-Peter Foster, general manager of global advertising and brand solutions at Match Group

This is noteworthy because dating apps are not immune to the challenges that exist with issues around brand safety. They are filled with fake profiles, a culture of ‘catfishing’, even profiles that promote or endorse racism and discrimination: essentially, they are minefields of unregulated territory. There is no surefire practice when it comes to stopping an ad from appearing next to a picture of someone’s private parts or above the profile of an alt-extremist.

Should brands be paying more attention?

In a period where the majority of brands are on high alert – doing everything their power to avoid doing anything that could somehow harm their brand – the risk may outweigh the value for some. That being said, it should be noted that dating apps have come a long way in recent years, and as they continue their maturation, they will increasingly benefit both users and advertisers alike. So should brands all be investing in marketing on dating apps? Not necessarily. But should brands be paying more attention to dating apps and their potential? The answer is clear.


Dating Apps and Influencer Marketing

Whitney Wolfe Herd had no idea what to expect when setting out to create her dating app, Bumble. But she did know she wanted to provide a forum that was absent of female abuse and empower women to have a stronger voice online. Additionally, she wanted to be where her target audience was online.

What happened as a result is just another reason why you need a brand ambassador program. 

“We showed up where young, social people were,” said Wolfe Herd. “Bars, cool companies, campuses. We painted a picture of what Bumble was before it even launched.”

bumble ceo whitney wolfe herd

This kind of ‘boots on the ground’ version of marketing did wonders for the company in Bumble’s early days, but it was a hands-on approach taken by Wolfe Herd that stimulated her intrigue. For

Soon after the app launched, Wolfe Herd would frequently use it to message people and ask them how they heard about Bumble. Lucky for her, a fairly high percentage of people actually replied, and told her they heard about it from someone named Jane Smith. (real name omitted). What happened next was interesting: she was getting this response numerous times.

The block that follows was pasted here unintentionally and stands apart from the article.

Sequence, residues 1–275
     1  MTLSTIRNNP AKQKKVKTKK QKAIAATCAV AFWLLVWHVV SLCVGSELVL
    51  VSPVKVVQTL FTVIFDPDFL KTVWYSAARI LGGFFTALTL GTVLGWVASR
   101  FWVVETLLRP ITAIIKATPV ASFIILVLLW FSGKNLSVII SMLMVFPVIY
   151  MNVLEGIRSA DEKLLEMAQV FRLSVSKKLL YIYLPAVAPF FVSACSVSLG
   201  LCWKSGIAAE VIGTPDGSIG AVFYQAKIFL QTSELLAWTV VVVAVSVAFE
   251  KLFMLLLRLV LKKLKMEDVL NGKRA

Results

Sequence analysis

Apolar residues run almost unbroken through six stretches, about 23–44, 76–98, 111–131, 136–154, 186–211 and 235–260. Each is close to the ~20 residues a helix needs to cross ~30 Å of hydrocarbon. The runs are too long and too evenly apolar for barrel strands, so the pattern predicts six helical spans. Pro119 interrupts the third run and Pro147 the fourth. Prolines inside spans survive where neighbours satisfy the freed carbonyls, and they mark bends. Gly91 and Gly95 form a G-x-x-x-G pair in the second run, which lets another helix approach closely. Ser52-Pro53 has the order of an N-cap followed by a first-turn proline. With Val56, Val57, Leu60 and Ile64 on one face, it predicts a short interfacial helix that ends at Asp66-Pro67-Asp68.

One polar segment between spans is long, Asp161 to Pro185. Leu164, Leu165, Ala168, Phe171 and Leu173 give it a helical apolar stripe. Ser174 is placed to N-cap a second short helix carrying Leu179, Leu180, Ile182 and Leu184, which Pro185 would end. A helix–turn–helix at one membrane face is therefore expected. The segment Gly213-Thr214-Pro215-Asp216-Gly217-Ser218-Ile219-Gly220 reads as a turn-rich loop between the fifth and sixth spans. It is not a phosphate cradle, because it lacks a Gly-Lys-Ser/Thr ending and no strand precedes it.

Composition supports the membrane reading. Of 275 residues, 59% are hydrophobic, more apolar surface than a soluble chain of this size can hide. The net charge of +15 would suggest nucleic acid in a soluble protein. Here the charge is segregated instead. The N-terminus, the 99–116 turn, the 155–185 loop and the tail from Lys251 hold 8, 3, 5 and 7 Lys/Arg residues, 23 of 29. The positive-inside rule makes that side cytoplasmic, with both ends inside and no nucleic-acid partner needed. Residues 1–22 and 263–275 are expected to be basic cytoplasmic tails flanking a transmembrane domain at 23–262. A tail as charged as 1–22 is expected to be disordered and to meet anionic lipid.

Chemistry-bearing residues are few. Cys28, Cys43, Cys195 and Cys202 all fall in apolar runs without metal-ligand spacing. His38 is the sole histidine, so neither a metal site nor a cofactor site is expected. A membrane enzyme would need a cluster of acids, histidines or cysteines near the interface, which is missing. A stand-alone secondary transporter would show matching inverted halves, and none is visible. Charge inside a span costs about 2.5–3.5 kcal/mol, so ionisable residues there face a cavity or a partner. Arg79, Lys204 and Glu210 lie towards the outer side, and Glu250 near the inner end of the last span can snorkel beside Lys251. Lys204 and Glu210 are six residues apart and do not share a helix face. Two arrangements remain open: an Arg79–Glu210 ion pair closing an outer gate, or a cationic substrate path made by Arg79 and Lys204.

Wolfe Herd went around and asked her employees who Anne Smith was, and eventually, one of them answered that it was a friend of theirs from high school. The team ended up tracking down Anne Smith and discovered her Instagram profile, which surprisingly only had about 200 followers at the time.

Apparently, Anne Smith had worn a Bumble branded T-shirt during a recent spin class and shared a picture of it on her social media. This led her followers to check out the app.

“We then worked with maybe 10,000 ‘Anne Smith’ hyper-micro-influencers,” said Wolfe Herd. “Our team was so authentic and mission-driven that their friends wanted to be a part of it, too.”

So why use influencer marketing? By working with engaged, real consumers of her product, and listening to what those consumers wanted out of the experience, Wolfe Herd’s Bumble is about to cross 40 million registered users. The app has recently added Bumble BFF and Bumble Bizz for people who were “hacking” their profiles to say they weren’t looking for a relationship but were looking to connect with people.